The SQL Server Agent was found stopped and the status shows “(Agent XPs disabled)” besides the SQL Server Agent, the funny thing is the service was running according to the services console. Tried to start the service from SQL Server Management Studio, but it didn’t work.
This issue appears when ‘Agent XPs’ advance configuration option is disabled and set to 0 for the SQL Server configuration..
Agent XPs is an advanced configuration option which enables the SQL Server Agent extended stored procedures on the server. When this is not enable SQL Server Agent will not be active in SSMS. Most of the time when you start the SQL Server services it automatically enables ‘Agent XPs’, but sometime it fails to enable or sets the value to 0 and then this issue will appear.
To fix this issue we should first set the ‘Agent XPs’ to 1 and then run RECONFIGURE to bring it into effect. Execute the following query and try to restart the agent service. The SQL Server agent should be online now.
sp_configure 'show advanced options',1
reconfigure with override
sp_configure 'Agent XPs',1
reconfigure with override
sp_configure 'show advanced options',0
reconfigure with override
This will be the possible output
Configuration option 'show advanced options' changed from 1 to 1. Run the RECONFIGURE statement to install.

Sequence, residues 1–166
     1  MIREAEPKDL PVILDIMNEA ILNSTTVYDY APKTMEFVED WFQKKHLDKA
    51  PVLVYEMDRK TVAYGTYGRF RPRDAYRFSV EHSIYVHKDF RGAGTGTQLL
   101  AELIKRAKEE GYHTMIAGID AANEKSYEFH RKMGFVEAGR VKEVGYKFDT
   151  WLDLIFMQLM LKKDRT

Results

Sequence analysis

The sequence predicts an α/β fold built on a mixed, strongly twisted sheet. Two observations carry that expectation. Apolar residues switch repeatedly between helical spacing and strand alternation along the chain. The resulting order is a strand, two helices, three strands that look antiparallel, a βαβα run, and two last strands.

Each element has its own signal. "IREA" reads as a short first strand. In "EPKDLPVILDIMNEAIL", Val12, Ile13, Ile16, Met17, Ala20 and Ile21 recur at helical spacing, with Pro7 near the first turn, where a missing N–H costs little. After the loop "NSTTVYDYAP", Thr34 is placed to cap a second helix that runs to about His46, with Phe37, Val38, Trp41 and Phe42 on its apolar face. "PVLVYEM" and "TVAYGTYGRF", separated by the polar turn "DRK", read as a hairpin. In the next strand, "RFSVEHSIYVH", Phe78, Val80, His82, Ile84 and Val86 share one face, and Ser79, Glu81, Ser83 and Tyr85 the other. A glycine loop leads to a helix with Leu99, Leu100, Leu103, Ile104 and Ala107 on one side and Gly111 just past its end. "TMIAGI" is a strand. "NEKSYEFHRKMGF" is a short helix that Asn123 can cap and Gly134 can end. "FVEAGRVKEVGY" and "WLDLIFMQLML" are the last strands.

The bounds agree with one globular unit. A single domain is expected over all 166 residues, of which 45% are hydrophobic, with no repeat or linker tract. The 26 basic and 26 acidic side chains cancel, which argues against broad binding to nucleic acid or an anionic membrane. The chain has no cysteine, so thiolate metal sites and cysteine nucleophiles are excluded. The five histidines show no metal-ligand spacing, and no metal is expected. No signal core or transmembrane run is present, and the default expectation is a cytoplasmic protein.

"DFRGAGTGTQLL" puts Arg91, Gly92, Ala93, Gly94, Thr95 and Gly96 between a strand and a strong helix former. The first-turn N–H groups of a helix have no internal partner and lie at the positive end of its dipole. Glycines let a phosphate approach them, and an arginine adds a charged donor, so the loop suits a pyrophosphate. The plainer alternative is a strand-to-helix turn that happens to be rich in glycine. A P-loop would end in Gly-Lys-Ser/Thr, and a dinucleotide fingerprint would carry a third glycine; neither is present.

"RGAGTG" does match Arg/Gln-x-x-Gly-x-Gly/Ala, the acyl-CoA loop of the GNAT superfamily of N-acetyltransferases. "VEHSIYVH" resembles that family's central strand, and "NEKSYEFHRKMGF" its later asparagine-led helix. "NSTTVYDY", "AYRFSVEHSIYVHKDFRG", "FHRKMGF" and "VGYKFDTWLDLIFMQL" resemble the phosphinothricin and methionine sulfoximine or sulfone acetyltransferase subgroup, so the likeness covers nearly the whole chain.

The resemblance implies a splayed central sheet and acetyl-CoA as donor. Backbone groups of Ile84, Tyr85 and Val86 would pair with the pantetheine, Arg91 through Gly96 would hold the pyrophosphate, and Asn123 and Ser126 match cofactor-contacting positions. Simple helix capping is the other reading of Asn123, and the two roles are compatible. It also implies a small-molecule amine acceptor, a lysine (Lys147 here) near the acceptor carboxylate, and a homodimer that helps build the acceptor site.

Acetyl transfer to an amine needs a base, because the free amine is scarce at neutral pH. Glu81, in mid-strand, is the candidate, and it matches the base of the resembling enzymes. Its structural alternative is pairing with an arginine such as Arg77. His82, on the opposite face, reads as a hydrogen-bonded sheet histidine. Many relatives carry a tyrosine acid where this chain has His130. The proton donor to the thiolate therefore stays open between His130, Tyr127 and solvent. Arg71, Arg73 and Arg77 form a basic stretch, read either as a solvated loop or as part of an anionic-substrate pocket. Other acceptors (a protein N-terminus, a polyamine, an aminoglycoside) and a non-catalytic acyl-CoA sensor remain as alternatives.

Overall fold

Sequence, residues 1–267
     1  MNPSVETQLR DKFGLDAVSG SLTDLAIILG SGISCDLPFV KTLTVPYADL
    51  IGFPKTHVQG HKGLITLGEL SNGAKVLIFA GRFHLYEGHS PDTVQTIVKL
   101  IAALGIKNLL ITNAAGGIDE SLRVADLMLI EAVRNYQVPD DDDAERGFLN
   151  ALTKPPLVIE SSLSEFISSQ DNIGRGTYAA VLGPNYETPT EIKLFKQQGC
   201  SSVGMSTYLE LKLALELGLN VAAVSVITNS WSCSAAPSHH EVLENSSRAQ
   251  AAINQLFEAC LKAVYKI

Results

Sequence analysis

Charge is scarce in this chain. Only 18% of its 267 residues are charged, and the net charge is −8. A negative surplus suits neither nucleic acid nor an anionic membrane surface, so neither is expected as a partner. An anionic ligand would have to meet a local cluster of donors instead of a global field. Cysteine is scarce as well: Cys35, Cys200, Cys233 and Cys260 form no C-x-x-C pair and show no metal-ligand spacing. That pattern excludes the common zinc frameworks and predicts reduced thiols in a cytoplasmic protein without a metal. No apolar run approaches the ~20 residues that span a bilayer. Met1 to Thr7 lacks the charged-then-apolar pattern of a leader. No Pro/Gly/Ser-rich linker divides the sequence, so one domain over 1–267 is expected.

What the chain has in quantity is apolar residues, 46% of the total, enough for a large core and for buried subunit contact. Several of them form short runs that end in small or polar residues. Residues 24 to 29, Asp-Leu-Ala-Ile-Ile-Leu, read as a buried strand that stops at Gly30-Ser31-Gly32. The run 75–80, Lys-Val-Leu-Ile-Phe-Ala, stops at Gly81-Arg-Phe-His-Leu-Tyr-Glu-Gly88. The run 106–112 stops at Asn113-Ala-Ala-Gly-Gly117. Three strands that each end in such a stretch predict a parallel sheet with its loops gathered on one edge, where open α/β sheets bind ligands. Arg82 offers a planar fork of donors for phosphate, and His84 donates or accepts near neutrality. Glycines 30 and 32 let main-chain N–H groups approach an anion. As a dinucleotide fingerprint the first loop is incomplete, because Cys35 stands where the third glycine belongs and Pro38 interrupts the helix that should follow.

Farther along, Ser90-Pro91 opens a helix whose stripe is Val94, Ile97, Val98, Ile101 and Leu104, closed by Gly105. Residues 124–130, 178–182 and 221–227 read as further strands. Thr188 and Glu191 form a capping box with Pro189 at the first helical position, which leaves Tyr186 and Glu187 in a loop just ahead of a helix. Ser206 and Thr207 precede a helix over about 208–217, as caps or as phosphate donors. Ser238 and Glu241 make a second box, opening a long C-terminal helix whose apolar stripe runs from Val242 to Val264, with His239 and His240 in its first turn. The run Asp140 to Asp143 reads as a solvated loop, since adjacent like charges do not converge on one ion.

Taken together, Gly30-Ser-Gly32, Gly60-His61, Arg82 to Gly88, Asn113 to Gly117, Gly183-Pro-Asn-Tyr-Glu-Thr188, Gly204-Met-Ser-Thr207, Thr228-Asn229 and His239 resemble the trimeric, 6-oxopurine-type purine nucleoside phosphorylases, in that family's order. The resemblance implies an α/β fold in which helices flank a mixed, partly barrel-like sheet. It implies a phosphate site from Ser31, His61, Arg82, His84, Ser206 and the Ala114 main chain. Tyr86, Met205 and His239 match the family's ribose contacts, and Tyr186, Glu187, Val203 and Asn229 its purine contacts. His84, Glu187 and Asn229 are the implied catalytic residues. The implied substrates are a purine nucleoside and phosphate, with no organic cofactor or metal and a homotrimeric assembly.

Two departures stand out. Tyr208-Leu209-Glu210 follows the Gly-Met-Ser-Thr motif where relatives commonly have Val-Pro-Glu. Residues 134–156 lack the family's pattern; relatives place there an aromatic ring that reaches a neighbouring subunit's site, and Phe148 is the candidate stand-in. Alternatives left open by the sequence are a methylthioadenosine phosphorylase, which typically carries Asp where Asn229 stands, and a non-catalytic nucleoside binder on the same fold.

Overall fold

Configuration option 'Agent XPs' changed from 0 to 1. Run the RECONFIGURE statement to install.
Configuration option 'show advanced options' changed from 1 to 0. Run the RECONFIGURE statement to install.
Using the below script you can easily find location details of SQL Server Databases and Logs.
SELECT name, physical_name AS current_file_location
The following query will help you to track back when the database was restore and which backed up file was used to restore for the particular database.
DBRestored = destination_database_name,
SourceDB = b.database_name,
SourceFile = physical_name,
BackupDate = backup_start_date,
RestoreDate = restore_date
FROM RestoreHistory h
INNER JOIN BackupSet b
ON h.backup_set_id = b.backup_set_id
INNER JOIN BackupFile f
ON f.backup_set_id = b.backup_set_id
ORDER BY RestoreDate
Let’s say you want to kill all running process by a particular user or account. The following query will help you to find all related SPID for all processes initiated by a particular user or account.
You may need to replace “
USER_ACCOUNT” in the query with your target account name.
SELECT spid from master..sysprocesses
WHERE loginame = N'USER_ACCOUNT'
After you obtain the list of SPID, it’s time for you to reload your weapon, you can simply execute KILL command against those processes.
When you encounter configuration problem that prevent SQL Server from starting, you may need to start an instance using the minimal configuration option. This is the start up option -f. Starting an instance of SQL Server with minimal configuration automatically puts the server in single-user mode.
Kindly not what you can do when you start an instance of SQL Server in minimal configuration mode, as below:
- Only a single user can connect, and the CHECKPOINT process is not executed.
- Remote access and read-ahead are disabled.
- Startup stored procedures do not run.
After the server has been started with minimal configuration, you should change the appropriate server option value or values, stop, and then restart the server.
sqlservr.exe -c -f -s <Instance_Name>
You may want to know:
Starting SQL Server in Minimal Configuration
How to start SQL Server if you lost TEMPDB Data files?